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Made a functional door, this is player activated though you'll probably never manually use it. I decided to have a cutscene where the character enters to make it more simpler.




So of course with this cutscene the train itself isn't moving, just objects outside of it being animated. Took me a bit to figure out how to execute both the animation via code and parenting. The door automates its own animations separately however. But then stops working after the player ends the cutscene.


Spent a good amount of time deciding how the train should be laid out. I looked at a bunch of different japanese trains, specifically the commuter or metro types. They all have different designs depending on the region/time they were built so it's a bit hard to nail both the cover art and make it functional. One thing that's obvious is that the end of the seat is really close to the door. Most japanese trains I find tend to have the doors slide within the walls of the train leaving some space before you reach the window.



Also common is that the top and bottom of the windows are close to the door windows. But I want the windows to be big and huge, mainly so I can fill the train car with light and silhouettes. So I'm fudging reality a bit, doors will simply open on the outside, and will be shorter than the windows. Since making the doors any bigger to fit with the windows will make it a bit over-sized. Also worth noting, 4 doors, 3 main windows, and 2 end small windows seems to be on most trains. It was actually hard to track down exact schematics or xray type illustrations. But looking up exact model numbers and paging through model trains and paper folds proved useful.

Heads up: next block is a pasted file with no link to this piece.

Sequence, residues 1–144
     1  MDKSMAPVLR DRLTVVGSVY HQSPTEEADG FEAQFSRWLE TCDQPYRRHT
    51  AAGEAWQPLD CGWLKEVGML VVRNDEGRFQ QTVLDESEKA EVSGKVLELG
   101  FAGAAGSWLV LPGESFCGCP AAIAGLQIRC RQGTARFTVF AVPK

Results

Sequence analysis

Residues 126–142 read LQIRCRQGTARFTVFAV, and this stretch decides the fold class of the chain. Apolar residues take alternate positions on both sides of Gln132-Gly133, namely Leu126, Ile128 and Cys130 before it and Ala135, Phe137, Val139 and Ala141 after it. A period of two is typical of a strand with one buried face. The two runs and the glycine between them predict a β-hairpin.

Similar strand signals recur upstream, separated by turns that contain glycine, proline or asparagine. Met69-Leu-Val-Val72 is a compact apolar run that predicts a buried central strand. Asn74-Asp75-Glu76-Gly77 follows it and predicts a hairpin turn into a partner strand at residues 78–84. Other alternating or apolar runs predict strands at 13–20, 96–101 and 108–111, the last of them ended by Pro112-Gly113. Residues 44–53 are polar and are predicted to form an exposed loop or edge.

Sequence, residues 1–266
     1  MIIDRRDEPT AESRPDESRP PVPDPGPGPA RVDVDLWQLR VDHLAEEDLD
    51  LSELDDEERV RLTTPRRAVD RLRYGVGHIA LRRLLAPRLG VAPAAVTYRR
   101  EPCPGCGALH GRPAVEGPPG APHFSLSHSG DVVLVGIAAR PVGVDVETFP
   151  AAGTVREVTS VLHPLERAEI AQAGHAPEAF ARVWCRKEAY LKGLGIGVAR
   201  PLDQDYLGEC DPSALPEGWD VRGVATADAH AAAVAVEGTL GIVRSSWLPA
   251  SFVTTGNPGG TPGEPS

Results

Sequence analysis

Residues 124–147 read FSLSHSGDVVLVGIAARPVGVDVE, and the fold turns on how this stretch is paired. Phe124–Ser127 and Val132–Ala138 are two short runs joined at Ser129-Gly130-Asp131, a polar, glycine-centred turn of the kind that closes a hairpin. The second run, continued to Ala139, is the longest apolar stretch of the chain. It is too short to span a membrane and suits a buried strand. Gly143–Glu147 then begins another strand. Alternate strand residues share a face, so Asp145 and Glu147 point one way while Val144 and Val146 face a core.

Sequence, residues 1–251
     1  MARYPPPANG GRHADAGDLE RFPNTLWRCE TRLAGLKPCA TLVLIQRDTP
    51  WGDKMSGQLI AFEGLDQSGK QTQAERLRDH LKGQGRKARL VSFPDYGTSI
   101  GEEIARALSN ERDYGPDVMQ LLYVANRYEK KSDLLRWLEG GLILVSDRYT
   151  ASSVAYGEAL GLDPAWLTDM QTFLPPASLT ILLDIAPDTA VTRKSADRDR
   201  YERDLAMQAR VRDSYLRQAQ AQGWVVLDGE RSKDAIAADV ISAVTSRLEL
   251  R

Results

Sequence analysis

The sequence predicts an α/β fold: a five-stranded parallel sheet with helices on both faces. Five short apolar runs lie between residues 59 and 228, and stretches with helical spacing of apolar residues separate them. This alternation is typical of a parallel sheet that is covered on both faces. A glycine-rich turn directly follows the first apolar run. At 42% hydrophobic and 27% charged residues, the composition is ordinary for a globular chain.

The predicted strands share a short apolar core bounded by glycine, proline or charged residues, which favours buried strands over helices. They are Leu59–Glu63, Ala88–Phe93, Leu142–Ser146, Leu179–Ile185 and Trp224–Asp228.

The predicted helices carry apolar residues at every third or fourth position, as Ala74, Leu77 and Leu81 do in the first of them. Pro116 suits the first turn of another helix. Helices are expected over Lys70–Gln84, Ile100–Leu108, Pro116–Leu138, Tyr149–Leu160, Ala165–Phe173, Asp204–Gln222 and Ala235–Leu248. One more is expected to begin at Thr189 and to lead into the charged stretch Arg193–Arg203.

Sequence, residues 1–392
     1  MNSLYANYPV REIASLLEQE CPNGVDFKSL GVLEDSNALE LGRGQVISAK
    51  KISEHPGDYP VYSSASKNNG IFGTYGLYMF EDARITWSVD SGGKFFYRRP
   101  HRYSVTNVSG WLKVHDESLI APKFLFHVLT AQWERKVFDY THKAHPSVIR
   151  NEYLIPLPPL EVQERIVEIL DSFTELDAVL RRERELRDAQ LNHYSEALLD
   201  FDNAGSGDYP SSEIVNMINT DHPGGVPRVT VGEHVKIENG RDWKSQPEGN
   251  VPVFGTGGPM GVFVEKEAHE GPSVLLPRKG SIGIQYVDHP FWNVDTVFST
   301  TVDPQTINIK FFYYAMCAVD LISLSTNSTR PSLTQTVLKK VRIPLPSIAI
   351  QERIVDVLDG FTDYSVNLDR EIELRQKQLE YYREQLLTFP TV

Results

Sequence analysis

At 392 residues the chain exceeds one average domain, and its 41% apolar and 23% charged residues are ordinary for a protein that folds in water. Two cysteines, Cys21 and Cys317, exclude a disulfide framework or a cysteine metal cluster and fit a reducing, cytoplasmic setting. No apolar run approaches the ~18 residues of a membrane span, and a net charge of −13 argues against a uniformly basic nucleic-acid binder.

Blender has some growing pains honestly, but I'm getting used to it. Later I'm probably going to chop this train car into chunks to better copy each part of the train properly. Though since the entire game takes place in a train car it might not be that important. Another thing to note is that importing to Blender and Godot is a bit... finnicky. The main trick that works for me is to exit the scene I'm on in godot that doesn't contain the model i want to update, then export to OBJ overwriting the existing mesh. That seems to work, so that I don't have to reapply the material each time I want to see what the converted file looks like. I tried other file format options but they don't seem to be as direct as OBJs. Of course that'll probably become an issue if I need to animate outside of Godot. Main thing is, don't be in the same scene as the model you're about to replace directly and it should be fine.



With a basic WIP seat modeled and some colors/lighting tweaked this is where I'm at. But there's something strange about something isn't there? And no it's not that the handles are floating but something else... stay tuned.